An encapsulant phase-separated glass dome 50 is mounted on and secured to the top surface of the support 20. The glass dome 50 extends over and is in intimate contact with the electroluminescent semiconductor 37 so that the radiation emitted by the diode passes through the glass dome. In the semiconductor device 40 shown in FIG. 2, the glass dome 50 is substantially spherical in shape. I
In order to maximize the radiation emitted by an encapsulated device, reflections at the encapsulant-air interface should be minimized. This can most easily be accomplished by varying the encapsulant in shape in the shape of a hemisphere with the PN junction at its center; in this way the emitted radiation strikes the interface at near normal incidence. Since, however, the diode is not a point source, it is of interest to. determine what the minimum radius for the encapsulant must be so that all existing radiation strikes the encapsulant-air interface at less than the critical angle.
Assume a circular emitting area of radius R and an encapsulant hemisphere of radius R, angle of incidence, (p, and central angle, 0, as shown in FIG. 4. The angle of incidence is a maximum when the cosine of the central angle is equal to the ratio of the radius of the emitting area to the radius of the hemisphere (R/R). The angle of incidence is then given by the following relation:
Thus, in order to have all the rays strike the encapsulant-air interface at less than the critical angle for that interface, one must have sin sin =l/N where N is the index of refraction of the encapsulant, i.e.
R' R N Therefore, for typical junction radius of 0.04 centimeters and an encapsulant index of 2.5, the radius of encapsulant (1) A high refractive index, in order to increase the external quantum efiiciency;
(2) A low optical absorption at the wavelength of diode emission, in order to reduce absorption losses; and
(3) A suitable viscosity The last property is important for two reasons: firstly, the viscosity must be low enough to allow encapsulation of the diode at temperatures below 200 C.; secondly, since the thermal expansion coefficients of chalcogenide glasses are much higher than that of the diode, the room temperature viscosity must be low enough to allow viscous flow in the glass to relieve thermal stresses that arise during encapsulation. Yet it must be high enough so that the glass maintains its shape at room temperature.
It was found after extensive experimentation that changes in preparation procedure would affect the transparent quality of the glass produced. For example, when glass with the preferred composition was made in the conventional manner by firing the mixture in test tubes under a flowing inert gas, transparent glass was produced. Tests were conducted with phase-separated and singlephased, transparent glasses having 38% arsenic, 15% bromine, and 47% sulphur by weight. These glasses were used to encapsulate GaAsP red-emitting diodes. The results of these tests are shown in Table I below. The translucent glass had a higher index of refraction and a lower viscosity than the clear glass, thus making it more suitable for use in light-emitting diodes. In the table, the Vickers hardness, which is proportional to the viscosity, is listed instead of the viscosty due to the difficulty in measuring the latter. The lower viscosity and higher index of refraction is a completely unexpected result which is not fully understood since most glasses with a high index of refraction usually exhibit a high viscosity. The higher index of refraction increased the external quantum efiiciency of the diode while the lower viscosity imparts better mechanical properties to the encapsulated diode. As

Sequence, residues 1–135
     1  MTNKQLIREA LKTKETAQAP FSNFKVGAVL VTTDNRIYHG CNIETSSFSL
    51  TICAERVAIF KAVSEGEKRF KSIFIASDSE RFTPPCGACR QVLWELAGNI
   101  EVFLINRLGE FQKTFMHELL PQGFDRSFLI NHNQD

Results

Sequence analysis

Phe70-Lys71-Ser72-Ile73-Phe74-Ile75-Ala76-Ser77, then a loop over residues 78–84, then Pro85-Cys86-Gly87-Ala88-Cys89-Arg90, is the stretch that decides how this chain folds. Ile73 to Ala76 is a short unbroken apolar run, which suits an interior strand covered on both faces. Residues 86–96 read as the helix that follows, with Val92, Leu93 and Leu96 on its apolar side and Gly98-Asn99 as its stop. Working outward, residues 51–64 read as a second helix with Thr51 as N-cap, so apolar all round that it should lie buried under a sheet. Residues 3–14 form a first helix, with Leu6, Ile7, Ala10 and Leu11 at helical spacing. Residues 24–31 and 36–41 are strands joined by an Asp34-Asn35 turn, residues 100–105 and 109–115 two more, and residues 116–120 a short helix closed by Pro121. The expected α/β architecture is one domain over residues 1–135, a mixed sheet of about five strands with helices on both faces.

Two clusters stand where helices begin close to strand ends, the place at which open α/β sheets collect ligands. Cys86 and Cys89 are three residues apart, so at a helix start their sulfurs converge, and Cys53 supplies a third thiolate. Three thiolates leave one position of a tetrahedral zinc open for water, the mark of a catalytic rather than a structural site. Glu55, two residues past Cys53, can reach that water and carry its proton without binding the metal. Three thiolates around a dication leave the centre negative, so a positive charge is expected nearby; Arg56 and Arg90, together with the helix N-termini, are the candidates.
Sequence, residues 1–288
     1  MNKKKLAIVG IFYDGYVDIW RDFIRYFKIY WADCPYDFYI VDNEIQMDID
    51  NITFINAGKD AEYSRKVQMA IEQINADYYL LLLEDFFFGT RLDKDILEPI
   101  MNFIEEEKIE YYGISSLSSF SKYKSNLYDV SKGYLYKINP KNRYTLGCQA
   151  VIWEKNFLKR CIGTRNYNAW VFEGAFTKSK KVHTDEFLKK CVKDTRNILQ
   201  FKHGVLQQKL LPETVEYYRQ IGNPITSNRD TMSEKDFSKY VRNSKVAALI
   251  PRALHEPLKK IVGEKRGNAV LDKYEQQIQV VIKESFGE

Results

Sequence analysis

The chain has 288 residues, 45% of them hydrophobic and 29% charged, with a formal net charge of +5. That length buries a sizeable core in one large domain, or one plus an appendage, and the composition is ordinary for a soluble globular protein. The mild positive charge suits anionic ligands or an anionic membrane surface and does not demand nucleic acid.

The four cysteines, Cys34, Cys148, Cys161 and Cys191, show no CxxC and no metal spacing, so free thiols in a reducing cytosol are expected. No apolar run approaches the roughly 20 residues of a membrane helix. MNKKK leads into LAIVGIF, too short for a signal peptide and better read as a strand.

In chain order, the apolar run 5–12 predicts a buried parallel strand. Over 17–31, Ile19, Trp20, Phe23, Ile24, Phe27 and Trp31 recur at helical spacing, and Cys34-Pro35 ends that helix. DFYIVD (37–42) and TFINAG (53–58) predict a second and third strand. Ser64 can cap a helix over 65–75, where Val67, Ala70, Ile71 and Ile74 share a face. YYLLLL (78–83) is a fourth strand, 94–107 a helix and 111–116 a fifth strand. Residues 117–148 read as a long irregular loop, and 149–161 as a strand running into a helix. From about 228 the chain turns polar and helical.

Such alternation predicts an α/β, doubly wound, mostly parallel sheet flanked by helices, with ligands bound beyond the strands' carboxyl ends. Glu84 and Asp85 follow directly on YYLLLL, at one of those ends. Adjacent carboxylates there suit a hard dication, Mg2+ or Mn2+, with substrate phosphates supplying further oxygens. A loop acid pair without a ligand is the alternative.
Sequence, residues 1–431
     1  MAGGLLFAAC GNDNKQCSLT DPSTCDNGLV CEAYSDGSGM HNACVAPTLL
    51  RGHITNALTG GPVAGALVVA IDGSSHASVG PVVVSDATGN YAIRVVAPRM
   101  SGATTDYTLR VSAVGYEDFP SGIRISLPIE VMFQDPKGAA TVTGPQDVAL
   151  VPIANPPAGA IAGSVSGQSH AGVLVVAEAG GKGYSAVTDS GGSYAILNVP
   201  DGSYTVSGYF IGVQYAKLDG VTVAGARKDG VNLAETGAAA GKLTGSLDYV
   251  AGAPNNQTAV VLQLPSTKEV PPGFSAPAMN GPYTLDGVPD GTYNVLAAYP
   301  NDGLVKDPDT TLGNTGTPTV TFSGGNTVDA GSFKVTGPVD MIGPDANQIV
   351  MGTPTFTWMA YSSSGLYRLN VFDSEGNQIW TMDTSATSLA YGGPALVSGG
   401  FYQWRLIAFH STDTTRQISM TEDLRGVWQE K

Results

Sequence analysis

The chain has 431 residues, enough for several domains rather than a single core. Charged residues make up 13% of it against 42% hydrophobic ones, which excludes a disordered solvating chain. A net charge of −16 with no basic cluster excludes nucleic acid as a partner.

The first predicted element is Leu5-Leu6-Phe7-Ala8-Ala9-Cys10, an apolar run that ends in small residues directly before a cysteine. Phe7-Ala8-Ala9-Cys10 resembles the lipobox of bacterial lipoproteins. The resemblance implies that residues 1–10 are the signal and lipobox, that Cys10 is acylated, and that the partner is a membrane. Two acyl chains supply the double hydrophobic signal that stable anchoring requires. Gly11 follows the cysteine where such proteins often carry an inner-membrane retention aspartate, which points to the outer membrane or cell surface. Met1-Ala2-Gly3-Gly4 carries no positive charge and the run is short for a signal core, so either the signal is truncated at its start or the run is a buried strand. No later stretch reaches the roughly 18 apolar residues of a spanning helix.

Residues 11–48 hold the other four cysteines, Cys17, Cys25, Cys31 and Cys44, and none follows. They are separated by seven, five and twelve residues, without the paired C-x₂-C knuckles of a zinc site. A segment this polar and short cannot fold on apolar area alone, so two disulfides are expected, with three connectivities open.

can be seen by the table below, enhancement factors,
i.e. the ratio of the output after and before encapsulation, obtained by encapsulating red-emitting GaAsP diodes with the clear and translucent glasses, clearly indicates that the translucent, phase-separated, or devitrified glass is more efficient than the clear or non-devitrified glass. This advantage is further increased by the heat treatment of the encapsulated diode. Similar improvements were realized when this glass was used to encapsulate an infraredemitting GaAlAs diode. As the table indicates, encapsulation of the red-emitting diodes with the devitrifying glass has resulted in a greater than 7 fold increase in the external quantum efiiciency, as well as a marked improvement over non-phase-separated or clear glasses.
TABLE I Properties of Encapsulants and Ratio of Radiant Output of Encapsulated to Bare Red-Emitting Diodes The various features and advantages of the invention are thought to be clear from the foregoing description. Various other features and advantages not specifically enumerated will undoubtedly occur to those versed in the art, as likewise will many variations and modifications of the preferred embodiment illustrated, all of which may be achieved without departing from the spirit and scope of the invention as defined by the following claims.